The last problem to solve was the “orphan sock”—the sock without a mate. The solution was the orphan sock drawer. At the end of clothes folding, all orphan socks were compared to the orphans in the drawer; any that matched were paired and returned to service.
After Rosalie graduated in 1978, Bill and his family moved to San Diego, California where Bill became chief engineer of Wavetek. After leaving Wavetek, Bill worked for several years as an independent consultant. He then joined Dr. Design, where he worked for several years until he started his own company, Farnbach Design Incorporated. It was here that Bill invented his most lucrative patent, the logic fault detector in his garage. Later he went to work for Vativ Technologies, where he worked until he retired.
Bill’s life was finally complete when his last child, Crystal was born in San Diego, California in the Winter of 1983.
In the course of his career, Bill received a total of nine patents relating to his electrical engineering inventions and wrote many articles on electrical engineering. Bill enjoyed his 15 years serving as a volunteer worker at the San Diego Temple of the Church of Jesus Christ of Latter-Day Saints the most. During this time, he learned how to perform ordinances in multiple languages including Spanish, German, and American Sign Language.
Bill enjoyed the out-of-doors and went on many hunting and fishing trips, though he wasn’t necessarily always successful in these endeavors. In Arizona as a youth, Bill fished for trout and catfish. He also hunted jack rabbits, cottontails, mule deer and javelina. In Colorado, Bill took his family trout fishing in the streams nearby: the favorite was “Brookie Heaven”, a small stream full of hungry brook trout that the kids loved to fish. Bill also found good fishing on the North Platte River, within an hour of work. While living in San Diego, Bill often went javelina hunting in Arizona with his boyhood friend Jerry Mayberry.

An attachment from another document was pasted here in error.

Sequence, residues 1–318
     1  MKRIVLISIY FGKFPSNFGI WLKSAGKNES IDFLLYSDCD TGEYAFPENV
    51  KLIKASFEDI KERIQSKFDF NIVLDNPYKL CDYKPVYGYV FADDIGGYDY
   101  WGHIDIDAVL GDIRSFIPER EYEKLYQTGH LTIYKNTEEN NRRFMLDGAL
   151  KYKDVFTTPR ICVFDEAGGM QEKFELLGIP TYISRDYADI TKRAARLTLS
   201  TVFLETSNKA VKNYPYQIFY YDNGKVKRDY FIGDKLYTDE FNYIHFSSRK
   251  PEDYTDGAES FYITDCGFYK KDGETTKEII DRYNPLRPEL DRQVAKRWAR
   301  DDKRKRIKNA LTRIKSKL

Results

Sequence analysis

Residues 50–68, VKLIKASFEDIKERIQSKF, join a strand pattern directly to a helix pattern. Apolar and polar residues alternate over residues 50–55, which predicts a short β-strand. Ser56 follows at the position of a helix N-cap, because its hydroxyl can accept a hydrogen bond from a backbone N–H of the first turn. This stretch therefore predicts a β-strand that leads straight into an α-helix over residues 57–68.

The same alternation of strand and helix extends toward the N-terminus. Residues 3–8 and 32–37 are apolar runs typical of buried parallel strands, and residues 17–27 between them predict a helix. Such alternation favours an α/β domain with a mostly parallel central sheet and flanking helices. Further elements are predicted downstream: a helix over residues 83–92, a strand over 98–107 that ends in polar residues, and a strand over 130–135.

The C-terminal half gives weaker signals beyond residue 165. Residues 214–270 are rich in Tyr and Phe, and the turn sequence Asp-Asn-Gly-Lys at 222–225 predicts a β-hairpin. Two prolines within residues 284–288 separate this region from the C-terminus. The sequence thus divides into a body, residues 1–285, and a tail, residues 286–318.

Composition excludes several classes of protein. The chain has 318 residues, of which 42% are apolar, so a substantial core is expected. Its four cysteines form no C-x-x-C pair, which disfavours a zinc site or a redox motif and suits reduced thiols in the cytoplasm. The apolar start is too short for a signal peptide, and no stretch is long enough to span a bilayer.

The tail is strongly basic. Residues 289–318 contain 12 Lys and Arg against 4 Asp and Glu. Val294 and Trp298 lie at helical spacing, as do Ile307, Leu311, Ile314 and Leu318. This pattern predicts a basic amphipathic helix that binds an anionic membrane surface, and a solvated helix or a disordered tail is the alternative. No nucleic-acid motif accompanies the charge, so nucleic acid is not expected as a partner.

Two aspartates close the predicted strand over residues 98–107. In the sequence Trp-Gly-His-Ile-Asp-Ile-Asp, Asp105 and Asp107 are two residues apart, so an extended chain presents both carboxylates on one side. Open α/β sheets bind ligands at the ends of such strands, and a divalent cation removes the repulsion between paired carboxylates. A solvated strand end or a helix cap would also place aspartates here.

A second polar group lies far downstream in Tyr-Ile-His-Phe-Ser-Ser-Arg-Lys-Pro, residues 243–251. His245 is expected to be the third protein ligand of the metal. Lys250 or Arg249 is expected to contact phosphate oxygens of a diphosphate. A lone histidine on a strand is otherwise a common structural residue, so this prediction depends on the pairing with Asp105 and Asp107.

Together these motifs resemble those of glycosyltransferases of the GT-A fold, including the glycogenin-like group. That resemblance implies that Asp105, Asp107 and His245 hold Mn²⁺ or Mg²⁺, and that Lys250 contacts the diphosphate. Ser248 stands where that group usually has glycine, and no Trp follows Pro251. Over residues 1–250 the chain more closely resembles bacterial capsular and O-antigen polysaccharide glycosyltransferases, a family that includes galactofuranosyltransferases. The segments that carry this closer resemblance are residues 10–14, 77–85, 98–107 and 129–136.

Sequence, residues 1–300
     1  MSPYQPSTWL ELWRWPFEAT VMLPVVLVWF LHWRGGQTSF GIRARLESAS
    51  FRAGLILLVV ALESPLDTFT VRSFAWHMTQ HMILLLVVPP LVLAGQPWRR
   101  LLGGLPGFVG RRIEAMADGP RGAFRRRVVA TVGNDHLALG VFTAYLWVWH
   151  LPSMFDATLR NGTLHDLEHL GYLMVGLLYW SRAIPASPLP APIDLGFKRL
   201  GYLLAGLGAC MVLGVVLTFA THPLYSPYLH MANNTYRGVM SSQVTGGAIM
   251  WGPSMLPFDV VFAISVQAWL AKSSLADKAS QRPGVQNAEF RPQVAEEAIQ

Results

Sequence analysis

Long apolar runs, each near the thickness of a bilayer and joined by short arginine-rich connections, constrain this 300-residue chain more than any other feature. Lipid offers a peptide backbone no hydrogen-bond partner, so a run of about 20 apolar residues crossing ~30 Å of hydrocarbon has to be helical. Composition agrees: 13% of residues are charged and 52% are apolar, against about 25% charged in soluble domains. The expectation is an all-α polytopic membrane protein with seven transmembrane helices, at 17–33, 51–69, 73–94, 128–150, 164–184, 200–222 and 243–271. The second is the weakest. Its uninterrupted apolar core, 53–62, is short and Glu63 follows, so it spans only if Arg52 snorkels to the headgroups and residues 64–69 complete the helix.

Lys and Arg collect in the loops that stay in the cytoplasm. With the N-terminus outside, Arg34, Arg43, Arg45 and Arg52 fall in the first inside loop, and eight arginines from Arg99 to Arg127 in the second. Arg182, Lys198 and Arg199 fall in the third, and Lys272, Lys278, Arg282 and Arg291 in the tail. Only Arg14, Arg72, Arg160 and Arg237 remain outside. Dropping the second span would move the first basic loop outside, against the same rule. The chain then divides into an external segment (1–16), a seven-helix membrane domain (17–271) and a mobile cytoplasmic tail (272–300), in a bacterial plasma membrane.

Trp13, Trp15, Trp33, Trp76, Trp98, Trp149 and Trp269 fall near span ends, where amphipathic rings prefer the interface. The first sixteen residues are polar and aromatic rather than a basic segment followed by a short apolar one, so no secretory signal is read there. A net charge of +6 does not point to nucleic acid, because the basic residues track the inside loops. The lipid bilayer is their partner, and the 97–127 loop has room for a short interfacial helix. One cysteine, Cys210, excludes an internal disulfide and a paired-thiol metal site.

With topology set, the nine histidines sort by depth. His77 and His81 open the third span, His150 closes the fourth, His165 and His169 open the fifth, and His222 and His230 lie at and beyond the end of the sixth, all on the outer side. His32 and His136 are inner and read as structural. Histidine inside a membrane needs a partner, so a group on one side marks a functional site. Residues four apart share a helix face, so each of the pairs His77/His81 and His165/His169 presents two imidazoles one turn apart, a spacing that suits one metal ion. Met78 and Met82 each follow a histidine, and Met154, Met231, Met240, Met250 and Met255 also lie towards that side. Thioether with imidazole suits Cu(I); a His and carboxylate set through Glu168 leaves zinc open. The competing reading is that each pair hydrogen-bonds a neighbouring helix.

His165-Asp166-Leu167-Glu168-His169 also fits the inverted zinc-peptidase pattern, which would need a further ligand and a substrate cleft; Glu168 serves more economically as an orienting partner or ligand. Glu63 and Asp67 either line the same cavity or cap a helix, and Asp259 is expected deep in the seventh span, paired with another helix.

He also enjoyed photography and took many photos of landscape and his family and friends in the Southwest and San Diego.
By 2013, Bill was having trouble navigating the stairs in their two-story house in San Diego and California politics were looking bad—and very expensive, so Bill and Rosalie decided to move to a one-story in Queen Creek, Arizona, a suburb of Phoenix on the southeast corner of Salt River Valley, into a very new subdivision.
As soon as the family was settled in Queen Creek, Bill was diagnosed with Chronic Inflammatory Demyelinating Polyneuropathy, or CIDP (the cause of his troubles with climbing stairs.)
Doctors treated his CIDP with some success, however Bill wasn’t satisfied with his progress and he prayed for a more effective medication might be found. Be careful what you pray for— because it wasn’t until he was diagnosed with another significant illness that his prayers were answered. The new diagnosis required treatment with a new drug Rituxan, which not only resolved the current issue, it also significantly reversed his CIDP. This allowed him to enjoy doing more things with his family. (He saw this as a miracle. His family and doctors thought so too.)
Bill is survived by his wonderful wife Rosalie, one brother, John Farnbach, one sister, Shirley Mae [Johnson], his six children, Bill, Rick, Ron, Michael, Amelia, and Crystal; eighteen grandchildren; six great-grandchildren and many nieces and nephews. He was preceded in death by his parents and brother George, who passed away in April 2020.
Services will be at the Church of Jesus Christ of Latter-Day Saints at 41246 N Barnes Parkway, Queen Creek Arizona. Viewing will be from 9:00am-9:45am in the Relief Society Room. Funeral will be Friday December 10, 2021 at 10 am. Funeral can be viewed virtually for those unable to attend personally. If needed, please contact a member of the family for a link and instructions to view.
Interment will follow at San Tan Memorial Garden in a private ceremony.